It wasn’t until my mid-thirties that I began to wish for a sister, someone who knew everything there was to know about me and my family and loved me anyway, someone to sympathize with as we watched our kids grow up and our parents grow old, someone who would always be part of me no matter what happened to our other relationships. After years of flaunting my “only child-ness” like a lonely badge of honor, having a sibling suddenly seemed quite appealing
So I love novels about sibling relationships – well, you all know I love novels about family relationships of any kind. Character driven novels that focus on family are my literary loves.
Julia Glass works wonders with those kinds of novels. Her first two efforts, Three Junes and The Whole Wolrd Over, are great favorites, and have not only been read (and re-read!) but also listened to in audio book format. I love her use of language, the way she sees right into the hearts of her characters and plumbs their emotions.
“Relationships between adult siblings fascinate me,” Glass said, referring to her first novel, National Book Award Winner, Three Junes, in an interview with BookPage magazine. “I wanted there to be a reflection of the truism that every child in a given family has a different childhood. But I also really wanted it to be about how we live past heartbreak, heartbreak that we’re never going to get over, heartbreak that will be stratified in our hearts forever. For each of these characters there is a loss that is in a way irredeemable, but also one that he or she can get through and live beyond in a full way.”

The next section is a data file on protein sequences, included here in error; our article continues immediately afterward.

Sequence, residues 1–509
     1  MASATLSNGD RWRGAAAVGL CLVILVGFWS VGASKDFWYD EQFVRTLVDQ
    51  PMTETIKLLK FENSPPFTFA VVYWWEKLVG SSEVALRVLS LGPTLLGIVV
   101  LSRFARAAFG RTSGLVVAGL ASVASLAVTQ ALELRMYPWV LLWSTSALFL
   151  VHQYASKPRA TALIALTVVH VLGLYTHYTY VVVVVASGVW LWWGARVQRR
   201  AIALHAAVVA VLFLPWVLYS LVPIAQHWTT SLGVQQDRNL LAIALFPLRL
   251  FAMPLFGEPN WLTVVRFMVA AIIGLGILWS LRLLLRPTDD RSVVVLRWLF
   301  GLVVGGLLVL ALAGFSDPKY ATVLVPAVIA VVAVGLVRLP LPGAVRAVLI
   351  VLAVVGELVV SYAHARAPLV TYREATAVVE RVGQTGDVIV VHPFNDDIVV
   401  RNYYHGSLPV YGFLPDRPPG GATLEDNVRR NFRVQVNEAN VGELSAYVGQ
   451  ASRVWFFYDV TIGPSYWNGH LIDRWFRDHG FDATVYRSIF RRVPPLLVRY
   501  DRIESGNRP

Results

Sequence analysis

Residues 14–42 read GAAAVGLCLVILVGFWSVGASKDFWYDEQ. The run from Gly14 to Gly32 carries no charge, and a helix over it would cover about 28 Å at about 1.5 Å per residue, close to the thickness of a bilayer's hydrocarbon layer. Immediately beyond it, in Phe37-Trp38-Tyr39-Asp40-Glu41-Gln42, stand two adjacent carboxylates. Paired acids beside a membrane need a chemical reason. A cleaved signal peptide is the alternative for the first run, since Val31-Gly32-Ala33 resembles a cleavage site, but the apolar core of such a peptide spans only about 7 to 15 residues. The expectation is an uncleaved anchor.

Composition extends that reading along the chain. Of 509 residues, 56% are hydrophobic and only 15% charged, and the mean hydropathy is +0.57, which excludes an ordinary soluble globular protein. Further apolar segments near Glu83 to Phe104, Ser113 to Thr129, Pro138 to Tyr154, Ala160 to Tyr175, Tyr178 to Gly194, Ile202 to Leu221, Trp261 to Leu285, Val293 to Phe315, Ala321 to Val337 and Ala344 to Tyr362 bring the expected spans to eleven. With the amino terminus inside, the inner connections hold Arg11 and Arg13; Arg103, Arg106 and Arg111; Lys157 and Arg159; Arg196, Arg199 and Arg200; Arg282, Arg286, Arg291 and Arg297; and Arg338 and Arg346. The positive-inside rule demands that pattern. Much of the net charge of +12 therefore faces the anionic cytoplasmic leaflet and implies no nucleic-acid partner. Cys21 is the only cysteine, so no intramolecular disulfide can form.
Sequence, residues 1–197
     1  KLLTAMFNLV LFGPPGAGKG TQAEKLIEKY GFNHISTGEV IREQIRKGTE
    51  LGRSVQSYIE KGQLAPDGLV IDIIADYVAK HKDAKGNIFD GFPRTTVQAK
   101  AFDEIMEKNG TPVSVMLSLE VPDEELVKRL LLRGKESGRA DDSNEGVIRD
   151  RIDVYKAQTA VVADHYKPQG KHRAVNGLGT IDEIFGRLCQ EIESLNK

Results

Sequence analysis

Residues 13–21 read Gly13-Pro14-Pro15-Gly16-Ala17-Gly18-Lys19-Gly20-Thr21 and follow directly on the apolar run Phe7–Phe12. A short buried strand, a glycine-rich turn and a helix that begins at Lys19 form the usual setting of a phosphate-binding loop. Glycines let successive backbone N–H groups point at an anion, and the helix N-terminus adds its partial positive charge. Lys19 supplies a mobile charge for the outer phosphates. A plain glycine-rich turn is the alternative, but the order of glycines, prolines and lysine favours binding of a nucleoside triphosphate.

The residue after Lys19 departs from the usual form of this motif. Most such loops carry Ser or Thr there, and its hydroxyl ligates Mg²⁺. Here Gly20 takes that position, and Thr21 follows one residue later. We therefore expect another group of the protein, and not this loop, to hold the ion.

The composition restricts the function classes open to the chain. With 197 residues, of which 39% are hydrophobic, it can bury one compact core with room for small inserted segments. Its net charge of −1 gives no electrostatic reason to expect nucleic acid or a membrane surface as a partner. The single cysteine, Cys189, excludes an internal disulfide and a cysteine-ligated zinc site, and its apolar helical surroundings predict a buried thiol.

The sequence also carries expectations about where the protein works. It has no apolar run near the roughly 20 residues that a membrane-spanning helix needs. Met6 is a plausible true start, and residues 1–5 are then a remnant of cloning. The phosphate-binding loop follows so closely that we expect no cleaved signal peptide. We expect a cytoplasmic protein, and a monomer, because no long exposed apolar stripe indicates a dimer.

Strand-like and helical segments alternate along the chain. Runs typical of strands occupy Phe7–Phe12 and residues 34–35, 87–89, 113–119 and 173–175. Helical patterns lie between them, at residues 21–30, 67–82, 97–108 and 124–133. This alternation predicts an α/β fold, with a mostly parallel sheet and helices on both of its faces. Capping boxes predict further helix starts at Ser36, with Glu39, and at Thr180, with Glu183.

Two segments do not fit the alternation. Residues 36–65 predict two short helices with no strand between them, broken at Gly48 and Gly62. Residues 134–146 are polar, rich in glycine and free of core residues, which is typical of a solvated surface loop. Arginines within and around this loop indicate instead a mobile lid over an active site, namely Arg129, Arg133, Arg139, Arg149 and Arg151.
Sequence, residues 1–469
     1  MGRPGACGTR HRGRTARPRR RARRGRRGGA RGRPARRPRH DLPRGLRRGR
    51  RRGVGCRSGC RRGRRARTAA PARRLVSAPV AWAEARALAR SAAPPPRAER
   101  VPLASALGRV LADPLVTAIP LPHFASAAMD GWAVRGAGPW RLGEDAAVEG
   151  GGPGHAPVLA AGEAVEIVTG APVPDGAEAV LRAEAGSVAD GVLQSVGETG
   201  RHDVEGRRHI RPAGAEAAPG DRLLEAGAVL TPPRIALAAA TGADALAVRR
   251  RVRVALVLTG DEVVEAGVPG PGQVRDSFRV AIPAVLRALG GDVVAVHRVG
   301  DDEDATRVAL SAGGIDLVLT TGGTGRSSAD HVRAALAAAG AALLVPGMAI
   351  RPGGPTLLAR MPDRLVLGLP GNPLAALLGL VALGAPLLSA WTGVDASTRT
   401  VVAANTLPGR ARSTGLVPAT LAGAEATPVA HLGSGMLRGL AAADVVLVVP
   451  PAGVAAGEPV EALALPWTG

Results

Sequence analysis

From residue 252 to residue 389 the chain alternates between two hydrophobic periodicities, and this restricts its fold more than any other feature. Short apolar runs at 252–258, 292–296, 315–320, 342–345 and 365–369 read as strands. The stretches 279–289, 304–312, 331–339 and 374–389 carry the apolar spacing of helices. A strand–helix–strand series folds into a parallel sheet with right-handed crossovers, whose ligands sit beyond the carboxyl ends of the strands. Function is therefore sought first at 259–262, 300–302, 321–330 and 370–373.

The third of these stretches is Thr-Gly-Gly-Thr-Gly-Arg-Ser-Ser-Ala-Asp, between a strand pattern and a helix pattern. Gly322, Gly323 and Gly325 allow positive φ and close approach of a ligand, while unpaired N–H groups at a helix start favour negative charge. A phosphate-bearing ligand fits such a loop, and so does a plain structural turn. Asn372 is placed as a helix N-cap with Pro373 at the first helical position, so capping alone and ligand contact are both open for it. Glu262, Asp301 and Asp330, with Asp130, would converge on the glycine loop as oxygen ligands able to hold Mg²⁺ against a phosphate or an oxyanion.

She explores many of these ideas again in I See You Everywhere, her latest novel which hones in on the lives of Louisa and Clement Jardine, sisters whose complicated relationship has been fraught with conflict, yet also filled with love.
Louisa and Clem are almost anti-thetical, which is something that just fascinates me about sisters. How can two people sprung from the same loins so to speak, be so entirely different? Louisa is the archetypal eldest – a little prim and proper, very conscientious, who yearns for a good marriage and a family. She dabbles in pottery, but makes a living writing articles for a popular art magazine. Clement could be on a poster marked “wild thing.” A wildlife biologist and researcher, she’s radical in her beliefs, passionate about her causes, and not one bit interested in personal commitment. Yet, as so often happens, Clem becomes the “favored child,” something that can’t help but rankle with Louisa, who tries so hard but never quite stands out with Clem’s brilliance.
Glass literally weaves her story around these two women and their lives over a period of about 20 years. If I were to have a complaint about this novel, it’s that it occasionally becomes difficult to find yourself in the “warp and woof” of the pattern. In the early pages, the sisters speak in turns within the chapters, and I occasionally did a double take before I realized that the narrator had changed. Mid way through, Glass separated the narratives into identified sections, and by that time I had come to know each woman’s personality a bit better and could discern right away who was speaking.
But this structure fits the theme so well – at one point Louisa refers to the bond she shares with her sister as “like a double helix, two souls coiling around a common axis, joined yet never touching.” Even though they “have about as much in common as white chocolate and seaweed,” the bond between them is irrevocable.
Not surprisingly, I identifed with Louisa, for I admit to being the “good girl” amongst my friends and the multitude of cousins. I also admit to a twinge of envy for those girls (and now women) who aren’t afraid of their “wilder side,” are fearless when it comes to bucking tradition and danger.
I still want to be the benevolent tyrant,” Louisa thinks. “I want to outshine her, I want to be the wiser, the smarter, the better loved, but I want to keep an eye on her. She is, after all, irreplaceable.
Yes, it would have been good to have a sister.
by Julia Glass
published by Pantheon, October 2008